Pigeon Forge in Sevier County, Tennessee — The American South (East South Central)
The American Eagle Foundation's Oldest Bald Eagle
Pilgrim's life story begins in New England, where he was born into the wild in 1968. He was discovered near Jonesport, Maine, on November 4, 1970, where he was taken to the Moosehorn National Wildlife Refuge. One week later, Pilgrim was relocated to the Patuxent Wildlife Research Center in Laurel, Maryland, a facility operated by the United States Fish and Wildlife Service.
Officials at Patuxent Wildlife Research Center examined Pilgrim and determined that he had a pellet in his left wing. Unfortunately, Pilgrim's medical records are incomplete and the origin of his injuries is unknown.
At the Blackwater National Wildlife Refuge in Cambridge, Maryland, on January 30, 1973, Pilgrim was released into the wild. Just two short years later in April 1975, he was found injured in Dover, Delaware, with a gunshot to his right wing. His wing was also broken in two places, leaving Pilgrim with a permanent "droop". On December 5, 1988, Pilgrim moved south to the
In 1994, Pilgrim arrived at the American Eagle Foundation along with his mate, Mayflower, with whom he had been paired since 1977. Again, a complete history with Pilgrim and Mayflower's history is sketchy. Upon arrival at the American Eagle Foundation, the duo found a new home in the facility's breeding enclosure at the Eagle Mountain Sanctuary here at Dollywood. The staff was elated when Pilgrim and Mayflower produced three eggs each year. Much to everyone's dismay, the eggs were infertile.
Though unsuccessful on this front, Pilgrim and Mayflower would still get a chance to exercise their parenting skills. In 1996, Pilgrim and Mayflower were given an eaglet to nurture, which they did with great success. After eight weeks of loving care from Pilgrim and Mayflower, the eaglet was removed from their nest and taken to the hack tower at Douglas Lake in East Tennessee where it was released into the wild.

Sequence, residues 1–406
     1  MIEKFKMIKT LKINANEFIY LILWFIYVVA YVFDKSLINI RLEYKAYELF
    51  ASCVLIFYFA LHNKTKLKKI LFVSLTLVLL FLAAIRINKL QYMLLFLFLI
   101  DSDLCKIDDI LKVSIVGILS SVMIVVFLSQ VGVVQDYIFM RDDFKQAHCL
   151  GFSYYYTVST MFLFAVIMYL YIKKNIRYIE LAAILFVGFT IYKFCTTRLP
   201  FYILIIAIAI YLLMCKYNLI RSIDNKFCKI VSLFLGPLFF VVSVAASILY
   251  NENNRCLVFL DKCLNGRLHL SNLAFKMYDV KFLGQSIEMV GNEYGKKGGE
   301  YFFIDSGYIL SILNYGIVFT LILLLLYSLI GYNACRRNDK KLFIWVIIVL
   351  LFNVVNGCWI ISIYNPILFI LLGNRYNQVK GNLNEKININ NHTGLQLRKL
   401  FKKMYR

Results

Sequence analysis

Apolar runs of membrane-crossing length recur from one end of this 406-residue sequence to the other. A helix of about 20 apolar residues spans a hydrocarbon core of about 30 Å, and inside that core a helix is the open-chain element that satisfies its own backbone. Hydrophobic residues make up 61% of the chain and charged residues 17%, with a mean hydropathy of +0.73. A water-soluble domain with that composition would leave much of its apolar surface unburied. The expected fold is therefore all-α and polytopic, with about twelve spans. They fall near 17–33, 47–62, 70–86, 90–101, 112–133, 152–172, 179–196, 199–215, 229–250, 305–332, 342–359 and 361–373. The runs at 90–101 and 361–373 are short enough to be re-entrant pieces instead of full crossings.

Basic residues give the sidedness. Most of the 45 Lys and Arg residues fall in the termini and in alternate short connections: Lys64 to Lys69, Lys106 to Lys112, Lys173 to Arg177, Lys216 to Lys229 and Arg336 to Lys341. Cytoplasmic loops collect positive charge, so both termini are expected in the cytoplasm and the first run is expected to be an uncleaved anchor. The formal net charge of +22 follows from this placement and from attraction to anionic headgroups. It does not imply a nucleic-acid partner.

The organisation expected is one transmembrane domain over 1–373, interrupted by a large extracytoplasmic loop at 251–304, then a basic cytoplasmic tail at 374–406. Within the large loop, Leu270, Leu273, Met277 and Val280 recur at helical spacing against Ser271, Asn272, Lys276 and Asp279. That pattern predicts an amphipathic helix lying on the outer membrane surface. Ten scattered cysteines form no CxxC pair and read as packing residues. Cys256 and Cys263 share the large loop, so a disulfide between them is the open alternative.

Sadly, Mayflower passed away in 1999. American Eagle Foundation staffers tried pairing Pilgrim with two other females. Twilight, who lost her mate in 1998, captured Pilgrim's eye and attention. The pair laid their eggs in 2001, but once again, the occasion was met with great sadness when it was discovered that the eggs were infertile. Unfortunately, no eggs have been laid since. In 2007, Pilgrim and Twilight were moved to a group enclosure.
Appropriately named, Pilgrim's pilgrimage started many years and even more miles from the American Eagle Foundation. Today, as the facility's senior eagle, Pilgrim resides here at Dollywood where he delights visitors.
Topics. This historical marker is listed in these topic lists: Animals • Parks & Recreational Areas • Science & Medicine. A significant historical year for this entry is 1970.
Location. 35° 47.607′ N, 83° 31.836′ W. Marker is in Pigeon Forge, Tennessee, in Sevier County. Marker can be reached from Dollywood Parks Boulevard. Marker is located in the Craftsman's Valley section of Dollywood theme park. Specifically, near the eagle sanctuary. Touch for map. Marker is at or near this postal address: 2700 Dollywood Parks Boulevard, Pigeon Forge TN 37863, United States of America. Touch for directions.
Other nearby markers. At least 8 other markers are within 2 miles of this marker, measured as the crow flies. Native American Sea Eagle (about 500 feet away, measured in a direct line); The Tennessee Mining Company (about 500 feet away); Dolly's Childhood Home (approx. 0.2 miles away); First Baptist Church Pigeon Forge Pigeon River Railroad (approx. 1.1 miles away); Pigeon Forge Elementary School / Pigeon Forge Canning Factory (approx. 1.2 miles away); Sevier County Veterans Memorial (approx. 1.2 miles away); Broady Dairy (approx. 1.2 miles away). Touch for a list and map of all markers in Pigeon Forge.
Regarding Pilgrim. One must have a ticket and/or paid admission to view the marker.
Also see . . . Pilgrim (American Eagle Foundation). Pilgrim passed away on September 11, 2013 at the age of 45. (Submitted on August 12, 2021, by Jason Voigt of Glen Carbon, Illinois.)
Credits. This page was last revised on August 12, 2021. It was originally submitted on August 12, 2021, by Jason Voigt of Glen Carbon, Illinois. This page has been viewed 86 times since then and 8 times this year. Photos: 1, 2, 3. submitted on August 12, 2021, by Jason Voigt of Glen Carbon, Illinois.